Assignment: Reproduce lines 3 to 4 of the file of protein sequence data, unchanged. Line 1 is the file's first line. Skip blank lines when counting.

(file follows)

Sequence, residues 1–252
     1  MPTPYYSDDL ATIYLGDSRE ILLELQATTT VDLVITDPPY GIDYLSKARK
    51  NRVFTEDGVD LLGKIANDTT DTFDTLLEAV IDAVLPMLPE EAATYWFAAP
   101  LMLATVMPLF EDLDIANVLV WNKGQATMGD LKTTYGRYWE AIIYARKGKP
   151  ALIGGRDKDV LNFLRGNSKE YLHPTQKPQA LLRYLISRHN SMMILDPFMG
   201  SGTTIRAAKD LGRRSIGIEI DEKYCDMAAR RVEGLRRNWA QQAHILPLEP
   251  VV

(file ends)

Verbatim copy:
    51  NRVFTEDGVD LLGKIANDTT DTFDTLLEAV IDAVLPMLPE EAATYWFAAP
   101  LMLATVMPLF EDLDIANVLV WNKGQATMGD LKTTYGRYWE AIIYARKGKP